Thursday 12/5, 12:00-12:45 PM, Doheny Library 233
Craft Production in Kofun-age Japan from the Perspective of Agricultural Tools
KAWANO Masanori, Postdoctoral Scholar, Meiji University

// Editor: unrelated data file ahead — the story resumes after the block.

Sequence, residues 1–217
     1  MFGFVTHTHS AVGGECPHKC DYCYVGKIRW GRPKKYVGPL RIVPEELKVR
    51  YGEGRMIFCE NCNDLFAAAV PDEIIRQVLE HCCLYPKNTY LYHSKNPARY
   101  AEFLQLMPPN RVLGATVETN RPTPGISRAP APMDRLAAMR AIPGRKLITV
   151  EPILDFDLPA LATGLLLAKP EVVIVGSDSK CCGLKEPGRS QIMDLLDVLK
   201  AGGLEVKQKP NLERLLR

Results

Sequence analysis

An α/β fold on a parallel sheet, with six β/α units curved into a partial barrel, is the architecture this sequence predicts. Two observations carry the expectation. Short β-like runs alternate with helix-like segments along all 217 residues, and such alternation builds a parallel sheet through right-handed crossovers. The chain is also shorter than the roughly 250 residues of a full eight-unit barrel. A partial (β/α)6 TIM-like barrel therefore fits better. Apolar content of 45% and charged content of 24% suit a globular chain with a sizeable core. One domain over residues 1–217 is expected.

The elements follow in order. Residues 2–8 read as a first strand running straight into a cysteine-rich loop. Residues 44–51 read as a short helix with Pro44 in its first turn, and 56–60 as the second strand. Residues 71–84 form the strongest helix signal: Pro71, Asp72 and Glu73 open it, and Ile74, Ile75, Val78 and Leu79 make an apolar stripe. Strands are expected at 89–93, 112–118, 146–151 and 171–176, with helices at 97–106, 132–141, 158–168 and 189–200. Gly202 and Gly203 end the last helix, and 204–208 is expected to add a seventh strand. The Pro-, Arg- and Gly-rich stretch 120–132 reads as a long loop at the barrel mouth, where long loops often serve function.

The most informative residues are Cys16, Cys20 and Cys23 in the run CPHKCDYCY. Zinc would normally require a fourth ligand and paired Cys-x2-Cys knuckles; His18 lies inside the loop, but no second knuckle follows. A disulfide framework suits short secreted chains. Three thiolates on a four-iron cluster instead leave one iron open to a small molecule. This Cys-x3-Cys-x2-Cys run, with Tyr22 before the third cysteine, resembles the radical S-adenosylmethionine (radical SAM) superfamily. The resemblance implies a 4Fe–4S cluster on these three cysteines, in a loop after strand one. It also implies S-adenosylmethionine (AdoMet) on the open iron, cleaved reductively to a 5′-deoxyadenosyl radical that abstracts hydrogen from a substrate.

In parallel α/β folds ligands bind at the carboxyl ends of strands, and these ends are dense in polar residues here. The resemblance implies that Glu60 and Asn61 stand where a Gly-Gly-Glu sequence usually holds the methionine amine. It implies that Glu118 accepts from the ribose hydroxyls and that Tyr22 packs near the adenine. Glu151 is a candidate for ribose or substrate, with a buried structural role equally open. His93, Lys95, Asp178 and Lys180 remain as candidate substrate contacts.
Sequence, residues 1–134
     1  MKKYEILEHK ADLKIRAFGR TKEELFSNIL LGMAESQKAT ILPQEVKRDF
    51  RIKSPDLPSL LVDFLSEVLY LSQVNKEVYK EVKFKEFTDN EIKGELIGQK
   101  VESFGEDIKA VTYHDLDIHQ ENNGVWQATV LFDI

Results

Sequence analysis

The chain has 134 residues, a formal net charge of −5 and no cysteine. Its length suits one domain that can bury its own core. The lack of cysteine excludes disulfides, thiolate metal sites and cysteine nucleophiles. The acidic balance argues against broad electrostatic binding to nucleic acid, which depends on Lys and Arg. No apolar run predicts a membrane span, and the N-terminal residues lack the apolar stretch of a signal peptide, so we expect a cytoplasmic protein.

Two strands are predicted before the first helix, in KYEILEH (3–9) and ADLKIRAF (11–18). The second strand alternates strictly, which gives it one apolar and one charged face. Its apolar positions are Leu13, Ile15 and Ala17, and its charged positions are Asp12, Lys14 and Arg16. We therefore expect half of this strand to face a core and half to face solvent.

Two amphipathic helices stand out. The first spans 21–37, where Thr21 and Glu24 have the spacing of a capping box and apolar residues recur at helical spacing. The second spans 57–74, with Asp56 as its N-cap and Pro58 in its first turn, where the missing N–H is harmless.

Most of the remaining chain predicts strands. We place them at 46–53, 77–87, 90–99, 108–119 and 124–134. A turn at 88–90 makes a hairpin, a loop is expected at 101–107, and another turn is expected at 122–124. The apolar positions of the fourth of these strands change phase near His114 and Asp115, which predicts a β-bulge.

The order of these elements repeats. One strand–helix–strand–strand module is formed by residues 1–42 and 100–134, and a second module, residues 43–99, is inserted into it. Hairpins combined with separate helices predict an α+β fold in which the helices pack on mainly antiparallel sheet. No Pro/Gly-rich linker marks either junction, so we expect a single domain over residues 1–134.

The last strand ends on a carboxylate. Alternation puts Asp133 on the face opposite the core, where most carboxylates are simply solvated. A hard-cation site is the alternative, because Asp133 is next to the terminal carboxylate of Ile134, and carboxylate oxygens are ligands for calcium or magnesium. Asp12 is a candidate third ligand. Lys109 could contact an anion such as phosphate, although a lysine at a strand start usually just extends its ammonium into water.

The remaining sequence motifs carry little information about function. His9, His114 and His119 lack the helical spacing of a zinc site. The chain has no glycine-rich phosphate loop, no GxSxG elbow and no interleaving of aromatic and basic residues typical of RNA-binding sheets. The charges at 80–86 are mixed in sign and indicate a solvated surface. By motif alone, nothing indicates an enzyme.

The mid-Kofun Period (the fifth century) witnessed a drastic change in people’s daily life, owing to rapid technological innovation. This technological innovation owed much to immigrants from the Korean peninsula who brought advanced technologies with them. Among such innovations, changes in the morphologies of iron plowheads and iron sickles resulted in a marked increase in the rice productivity for the first time since the Yayoi Period. What remains unclear however is to what extent Korean immigrants and native Japanese craftsmen were involved in the evolution of craft production. In order to approach this difficult issue, I have focused on investigating the production ofvarious types of iron sickles in the fifth century. My conclusion is that we can distinguish between lunar-shaped curved blade iron sickles produced with native Japanese technology and quite similar to Korean iron sickles. While the former were produced by Japanese craftsmen, the latter was either imported from the Korean peninsula or produced either by Korean craftsmen in Japan or by Japanese craftsmen under the guidance of Korean craftsmen in Japan. In the early fifth century, most iron sickles were of the former type, which suggests that Japanese craftsmen imitated Korean products without mastering the Korean technology. In the late fifth century, however, most of the iron sickles were of the latter type, suggesting that Korean immigrants possessing advanced technology were actively involved in the production of agricultural tools. This resulted in technological innovation, which is also resulted in the changing morphology of iron plowheads. Analysis of iron agricultural tools can contribute substantially to our understanding of the craft production system during the Kofun Period.